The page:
State v. James, 240 N.C. App. 456 (Apr. 7, 2015)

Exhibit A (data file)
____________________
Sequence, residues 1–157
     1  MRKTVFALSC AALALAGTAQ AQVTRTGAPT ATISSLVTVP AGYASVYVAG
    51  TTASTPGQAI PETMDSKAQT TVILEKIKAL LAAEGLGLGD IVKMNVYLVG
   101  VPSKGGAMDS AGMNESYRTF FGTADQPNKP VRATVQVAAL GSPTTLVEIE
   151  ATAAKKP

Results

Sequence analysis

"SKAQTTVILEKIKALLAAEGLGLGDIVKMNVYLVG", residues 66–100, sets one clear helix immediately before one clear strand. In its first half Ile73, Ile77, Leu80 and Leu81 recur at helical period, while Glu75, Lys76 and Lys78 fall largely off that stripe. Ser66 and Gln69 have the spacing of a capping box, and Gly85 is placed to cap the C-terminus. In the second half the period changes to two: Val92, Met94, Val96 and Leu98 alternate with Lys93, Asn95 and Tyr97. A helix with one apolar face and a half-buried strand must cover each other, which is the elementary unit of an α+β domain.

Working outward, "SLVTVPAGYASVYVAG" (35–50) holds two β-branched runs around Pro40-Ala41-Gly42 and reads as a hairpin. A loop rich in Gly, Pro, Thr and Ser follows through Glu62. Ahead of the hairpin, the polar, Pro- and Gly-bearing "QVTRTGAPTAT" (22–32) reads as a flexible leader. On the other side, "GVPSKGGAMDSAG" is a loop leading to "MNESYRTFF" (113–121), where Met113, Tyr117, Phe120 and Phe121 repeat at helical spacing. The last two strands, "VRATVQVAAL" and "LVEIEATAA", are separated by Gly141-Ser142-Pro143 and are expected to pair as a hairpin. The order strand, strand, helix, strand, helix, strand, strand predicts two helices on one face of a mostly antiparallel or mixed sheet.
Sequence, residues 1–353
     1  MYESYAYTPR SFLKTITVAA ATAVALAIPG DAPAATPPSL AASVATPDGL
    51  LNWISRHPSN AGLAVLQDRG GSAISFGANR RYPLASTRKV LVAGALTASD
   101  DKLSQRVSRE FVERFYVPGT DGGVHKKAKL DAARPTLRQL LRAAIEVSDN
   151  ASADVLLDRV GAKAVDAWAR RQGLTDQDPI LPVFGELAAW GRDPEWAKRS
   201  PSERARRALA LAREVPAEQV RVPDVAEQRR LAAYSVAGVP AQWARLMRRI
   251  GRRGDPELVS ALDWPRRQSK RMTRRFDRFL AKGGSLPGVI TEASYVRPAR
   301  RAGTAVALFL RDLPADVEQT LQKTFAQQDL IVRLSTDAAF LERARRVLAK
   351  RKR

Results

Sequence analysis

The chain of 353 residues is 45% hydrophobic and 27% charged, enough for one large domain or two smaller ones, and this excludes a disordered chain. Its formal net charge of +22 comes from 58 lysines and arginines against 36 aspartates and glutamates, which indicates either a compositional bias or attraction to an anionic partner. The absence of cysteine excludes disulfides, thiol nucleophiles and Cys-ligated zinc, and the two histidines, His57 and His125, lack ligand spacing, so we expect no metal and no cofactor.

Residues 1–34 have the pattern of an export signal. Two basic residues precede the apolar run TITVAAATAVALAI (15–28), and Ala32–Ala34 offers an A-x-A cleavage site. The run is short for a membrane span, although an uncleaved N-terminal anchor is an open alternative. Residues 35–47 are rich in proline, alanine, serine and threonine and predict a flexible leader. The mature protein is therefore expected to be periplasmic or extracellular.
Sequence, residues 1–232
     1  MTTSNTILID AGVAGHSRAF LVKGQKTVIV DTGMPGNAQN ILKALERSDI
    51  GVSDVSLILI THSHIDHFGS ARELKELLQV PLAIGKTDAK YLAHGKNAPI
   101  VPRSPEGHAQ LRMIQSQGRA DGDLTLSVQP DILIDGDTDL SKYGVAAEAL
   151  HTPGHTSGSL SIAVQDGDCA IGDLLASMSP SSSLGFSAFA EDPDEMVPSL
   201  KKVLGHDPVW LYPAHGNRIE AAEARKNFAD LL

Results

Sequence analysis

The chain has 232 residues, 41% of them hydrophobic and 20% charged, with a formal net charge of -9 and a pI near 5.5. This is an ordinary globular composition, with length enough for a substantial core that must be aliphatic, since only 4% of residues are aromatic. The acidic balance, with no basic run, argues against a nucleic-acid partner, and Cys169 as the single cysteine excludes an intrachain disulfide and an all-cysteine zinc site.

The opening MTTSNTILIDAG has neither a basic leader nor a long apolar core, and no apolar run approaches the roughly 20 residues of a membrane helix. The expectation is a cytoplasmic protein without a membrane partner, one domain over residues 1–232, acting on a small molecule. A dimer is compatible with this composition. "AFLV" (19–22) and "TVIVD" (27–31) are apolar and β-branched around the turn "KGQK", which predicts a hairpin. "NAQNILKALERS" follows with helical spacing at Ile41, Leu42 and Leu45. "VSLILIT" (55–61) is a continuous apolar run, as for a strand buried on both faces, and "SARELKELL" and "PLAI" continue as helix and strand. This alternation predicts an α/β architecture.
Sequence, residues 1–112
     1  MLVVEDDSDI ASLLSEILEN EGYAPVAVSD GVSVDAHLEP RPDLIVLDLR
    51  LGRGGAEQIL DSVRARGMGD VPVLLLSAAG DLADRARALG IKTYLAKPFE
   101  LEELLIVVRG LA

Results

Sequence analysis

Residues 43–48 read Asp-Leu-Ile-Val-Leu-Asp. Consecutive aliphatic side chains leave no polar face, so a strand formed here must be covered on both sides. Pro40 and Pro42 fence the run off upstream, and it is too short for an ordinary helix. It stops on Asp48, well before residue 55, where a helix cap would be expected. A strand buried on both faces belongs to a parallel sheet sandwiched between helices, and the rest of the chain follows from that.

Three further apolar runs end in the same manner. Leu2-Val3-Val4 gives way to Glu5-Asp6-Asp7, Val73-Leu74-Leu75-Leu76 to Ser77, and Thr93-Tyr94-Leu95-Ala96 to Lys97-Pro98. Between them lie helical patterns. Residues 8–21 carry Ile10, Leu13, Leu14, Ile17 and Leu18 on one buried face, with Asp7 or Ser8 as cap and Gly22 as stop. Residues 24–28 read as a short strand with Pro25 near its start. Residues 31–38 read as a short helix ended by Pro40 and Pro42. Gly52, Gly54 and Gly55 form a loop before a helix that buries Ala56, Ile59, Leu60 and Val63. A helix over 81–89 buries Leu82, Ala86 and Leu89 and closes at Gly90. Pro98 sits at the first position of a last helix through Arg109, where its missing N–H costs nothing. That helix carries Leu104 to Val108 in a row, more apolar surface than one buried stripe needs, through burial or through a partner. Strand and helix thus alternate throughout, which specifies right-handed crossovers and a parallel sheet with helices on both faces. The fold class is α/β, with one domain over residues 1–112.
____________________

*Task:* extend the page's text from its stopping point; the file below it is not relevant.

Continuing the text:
(1) In this opium trafficking case where the State’s witness was accepted by the trial court as an expert witness without objection from defendant and the defendant did not cross-examine the expert regarding the sufficiency of the sample size and did not make the sufficiency of the sample size a basis for his motion to dismiss, the issue of whether the two chemically analyzed pills established a sufficient basis to show that there were 28 grams or more of opium was not properly before this Court. (2) Assuming arguendo that the issue had been properly preserved, it would fail. The court noted: “[a] chemical analysis is required . . . , but its scope may be dictated by whatever sample is sufficient to make a reliable determination of the chemical composition of the batch of evidence under consideration.” (quotation omitted). It noted further that “[e]very pill need not be chemically analyzed, however” and in State v. Meyers, 61 N.C. App. 554, 556 (1983), the court held that a chemical analysis of 20 tablets selected at random, “coupled with a visual inspection of the remaining pills for consistency, was sufficient to support a conviction for trafficking in 10,000 or more tablets of methaqualone.” Here, 1 pill, physically consistent with the other pills, was chosen at random from each exhibit and tested positive for oxycodone. The expert testified that she visually inspected the remaining, untested pills and concluded that with regard to color, shape, and imprint, they were “consistent with” those pills that tested positive for oxycodone. The total weight of the pills was 31.79 grams, exceeding the 28 gram requirement for trafficking. As a result, the State presented sufficient evidence to conclude that the defendant possessed and transported 28 grams or more of a Schedule II controlled substance.